7. In order to open the packaging according to the invention, the edge segment of the base is thus folded down away from the cover so that the thread removal zone is freely accessible. The packaging can then be held so that the cover points upwards and the edge segment can be folded downwards, but also the other way round. Surgical suture material need not be fed through a relatively narrow opening in the cover but instead can be pulled via the freely accessible thread removal zone directly out of the first end of the thread duct. Surgical suture thread situated in the packaging can therefore be laid so that no unwanted kinks form. The thread duct can serve to house one, but also several surgical threads. The packaging according to the invention is particularly suited to needleless suture material, i.e. for surgical threads to which no surgical needle is attached, but can also be used for threads with needles. In this case, the thread removal zone serves to house the surgical needle or needles when the packaging is unopened. To avoid a thread memory effect, it is advantageous to have the thread removal zone situated in the periphery area of the base, as the initially more closely wound coils of a surgical thread which are located in the inner area of the packaging when packed are extended to ever-greater radii of curvature when pulled out through the thread duct.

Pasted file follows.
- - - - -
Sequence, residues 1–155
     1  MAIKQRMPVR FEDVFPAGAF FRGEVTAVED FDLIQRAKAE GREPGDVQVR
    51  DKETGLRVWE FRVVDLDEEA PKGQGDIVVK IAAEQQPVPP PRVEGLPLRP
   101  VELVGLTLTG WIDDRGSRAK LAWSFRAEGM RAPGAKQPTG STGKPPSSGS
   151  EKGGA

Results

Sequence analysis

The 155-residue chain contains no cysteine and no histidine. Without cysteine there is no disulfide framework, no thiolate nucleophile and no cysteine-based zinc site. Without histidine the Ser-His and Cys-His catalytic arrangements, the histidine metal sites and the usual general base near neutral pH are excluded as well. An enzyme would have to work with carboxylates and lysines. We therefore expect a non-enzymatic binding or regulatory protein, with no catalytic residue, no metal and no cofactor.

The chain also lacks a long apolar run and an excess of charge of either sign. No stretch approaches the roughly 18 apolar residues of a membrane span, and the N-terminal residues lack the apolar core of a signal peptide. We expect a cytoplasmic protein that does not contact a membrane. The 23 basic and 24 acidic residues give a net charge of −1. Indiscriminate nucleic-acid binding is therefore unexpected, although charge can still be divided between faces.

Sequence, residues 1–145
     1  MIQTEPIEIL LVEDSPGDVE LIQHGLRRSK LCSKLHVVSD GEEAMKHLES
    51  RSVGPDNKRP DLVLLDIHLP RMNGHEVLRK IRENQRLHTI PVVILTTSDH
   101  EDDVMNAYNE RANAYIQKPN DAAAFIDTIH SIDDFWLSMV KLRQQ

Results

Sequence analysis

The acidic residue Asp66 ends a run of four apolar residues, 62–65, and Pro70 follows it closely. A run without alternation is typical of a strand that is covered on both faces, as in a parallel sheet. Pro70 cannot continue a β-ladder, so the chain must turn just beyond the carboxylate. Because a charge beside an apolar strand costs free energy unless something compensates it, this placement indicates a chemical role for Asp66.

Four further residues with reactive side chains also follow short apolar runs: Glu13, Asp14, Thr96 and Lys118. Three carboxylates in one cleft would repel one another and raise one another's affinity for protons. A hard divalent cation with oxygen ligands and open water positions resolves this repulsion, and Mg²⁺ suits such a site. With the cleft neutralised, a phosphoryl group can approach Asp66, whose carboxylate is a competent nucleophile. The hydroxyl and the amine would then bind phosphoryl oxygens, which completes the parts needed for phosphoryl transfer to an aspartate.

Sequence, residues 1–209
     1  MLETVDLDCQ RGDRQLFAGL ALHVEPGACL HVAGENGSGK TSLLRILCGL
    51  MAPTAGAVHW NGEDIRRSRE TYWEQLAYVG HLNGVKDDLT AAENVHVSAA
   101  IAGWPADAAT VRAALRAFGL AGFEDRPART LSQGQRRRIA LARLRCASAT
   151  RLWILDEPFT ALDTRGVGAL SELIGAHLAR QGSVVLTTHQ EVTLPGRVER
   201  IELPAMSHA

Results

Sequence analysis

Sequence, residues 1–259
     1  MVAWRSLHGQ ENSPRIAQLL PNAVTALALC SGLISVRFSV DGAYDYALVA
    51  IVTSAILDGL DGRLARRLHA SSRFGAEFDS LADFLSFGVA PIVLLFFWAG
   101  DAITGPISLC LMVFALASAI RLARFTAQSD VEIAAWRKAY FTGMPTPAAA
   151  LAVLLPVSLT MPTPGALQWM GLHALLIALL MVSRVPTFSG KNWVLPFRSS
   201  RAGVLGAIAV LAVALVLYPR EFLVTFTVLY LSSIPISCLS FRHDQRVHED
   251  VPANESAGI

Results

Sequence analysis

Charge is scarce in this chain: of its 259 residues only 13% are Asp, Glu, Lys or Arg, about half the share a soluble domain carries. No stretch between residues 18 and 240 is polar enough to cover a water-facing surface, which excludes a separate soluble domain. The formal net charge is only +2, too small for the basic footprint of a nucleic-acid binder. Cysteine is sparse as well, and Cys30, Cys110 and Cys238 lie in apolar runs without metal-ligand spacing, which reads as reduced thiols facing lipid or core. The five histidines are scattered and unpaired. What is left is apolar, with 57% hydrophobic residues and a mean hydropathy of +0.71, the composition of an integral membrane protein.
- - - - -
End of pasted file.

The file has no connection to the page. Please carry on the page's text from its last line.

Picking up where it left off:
8. In a preferred version of the packaging according to the invention, the edge segment has a raised wall of the height of the thread duct, which extends along the periphery of the base. The wall need not run over the entire periphery of the edge segment as, if the packaging is stored in a tight outer wrapper, it also remains sterile if it has openings itself. A stop lug preferably extends from the raised wall.

9. In a preferred version, the stop lug is constructed to hold one edge of the cover when the edge segment is not folded down. On the one hand, therefore, the downfoldable edge segment can be locked at the cover with the help of the stop lug. On the other hand, the raised wall ensures, depending on the design in co-operation with the stop lug, that the surgical threads contained in the packaging lie curved in the area of the thread removal zone prior to opening and do not come into contact with an outer wrapper, e.g. a foil outer wrapper. When the edge segment is folded down, the stop lug disengages from the cover and the end areas of the surgical threads located in the thread removal zone are no longer held by the raised wall or the stop lug. They tend therefore to straighten up so that the end areas of the threads or the surgical needles attached to them project from the packaging. It is therefore easy to grip an individual thread end (or where appropriate the surgical needle attached to it) and to pull the corresponding surgical thread out of the thread duct. If several threads are contained in the packaging, these can be removed bundled if necessary.